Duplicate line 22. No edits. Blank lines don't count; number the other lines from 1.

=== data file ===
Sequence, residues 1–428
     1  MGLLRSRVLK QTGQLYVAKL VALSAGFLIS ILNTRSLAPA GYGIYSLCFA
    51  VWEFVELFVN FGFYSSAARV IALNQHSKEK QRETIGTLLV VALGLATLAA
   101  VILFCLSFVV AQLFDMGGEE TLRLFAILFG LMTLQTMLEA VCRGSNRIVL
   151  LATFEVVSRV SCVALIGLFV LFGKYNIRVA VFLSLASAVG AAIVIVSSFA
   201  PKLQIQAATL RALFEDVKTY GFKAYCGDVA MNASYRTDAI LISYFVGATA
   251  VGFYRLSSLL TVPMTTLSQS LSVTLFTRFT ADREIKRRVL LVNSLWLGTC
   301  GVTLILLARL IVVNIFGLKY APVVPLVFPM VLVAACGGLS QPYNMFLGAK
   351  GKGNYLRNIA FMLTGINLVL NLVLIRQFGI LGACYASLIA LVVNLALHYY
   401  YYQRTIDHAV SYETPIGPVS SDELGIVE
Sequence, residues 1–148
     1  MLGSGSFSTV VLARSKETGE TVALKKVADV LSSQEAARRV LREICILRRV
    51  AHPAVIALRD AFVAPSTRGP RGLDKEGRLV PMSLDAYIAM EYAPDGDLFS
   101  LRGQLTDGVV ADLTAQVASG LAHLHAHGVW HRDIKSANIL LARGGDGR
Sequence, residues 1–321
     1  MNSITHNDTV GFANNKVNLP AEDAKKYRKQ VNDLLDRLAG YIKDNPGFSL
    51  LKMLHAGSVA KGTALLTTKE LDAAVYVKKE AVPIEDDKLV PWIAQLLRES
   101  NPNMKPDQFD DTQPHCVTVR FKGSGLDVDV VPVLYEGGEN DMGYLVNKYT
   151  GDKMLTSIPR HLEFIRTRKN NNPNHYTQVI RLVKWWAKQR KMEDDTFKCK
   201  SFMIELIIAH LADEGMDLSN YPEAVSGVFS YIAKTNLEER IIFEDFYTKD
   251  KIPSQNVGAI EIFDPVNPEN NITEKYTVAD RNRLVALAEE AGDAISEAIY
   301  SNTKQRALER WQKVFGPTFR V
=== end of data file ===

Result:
   301  SNTKQRALER WQKVFGPTFR V